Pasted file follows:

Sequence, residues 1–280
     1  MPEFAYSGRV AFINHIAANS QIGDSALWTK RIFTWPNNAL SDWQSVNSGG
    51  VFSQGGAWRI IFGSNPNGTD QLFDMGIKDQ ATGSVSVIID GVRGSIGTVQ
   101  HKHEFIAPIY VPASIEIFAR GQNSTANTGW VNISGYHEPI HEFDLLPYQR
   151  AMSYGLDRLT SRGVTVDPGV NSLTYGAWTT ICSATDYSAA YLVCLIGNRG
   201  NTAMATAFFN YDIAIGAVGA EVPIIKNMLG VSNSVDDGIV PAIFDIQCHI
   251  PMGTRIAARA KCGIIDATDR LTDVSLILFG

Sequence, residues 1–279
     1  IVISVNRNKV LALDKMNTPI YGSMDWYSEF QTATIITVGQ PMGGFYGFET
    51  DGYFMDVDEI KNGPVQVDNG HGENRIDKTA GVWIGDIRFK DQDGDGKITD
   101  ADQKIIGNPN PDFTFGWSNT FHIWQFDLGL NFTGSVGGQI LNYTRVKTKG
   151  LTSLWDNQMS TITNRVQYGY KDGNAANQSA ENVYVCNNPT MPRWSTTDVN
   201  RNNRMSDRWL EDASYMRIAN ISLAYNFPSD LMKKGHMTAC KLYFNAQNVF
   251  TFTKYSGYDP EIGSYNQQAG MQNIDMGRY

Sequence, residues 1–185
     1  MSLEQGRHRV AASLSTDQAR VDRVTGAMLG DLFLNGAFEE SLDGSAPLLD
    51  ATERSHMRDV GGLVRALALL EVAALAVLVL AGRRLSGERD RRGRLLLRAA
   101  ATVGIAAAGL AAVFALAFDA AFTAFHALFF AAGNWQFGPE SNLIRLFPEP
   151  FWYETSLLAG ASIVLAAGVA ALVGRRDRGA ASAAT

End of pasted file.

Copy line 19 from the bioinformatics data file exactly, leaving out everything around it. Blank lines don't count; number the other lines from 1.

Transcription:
   151  FWYETSLLAG ASIVLAAGVA ALVGRRDRGA ASAAT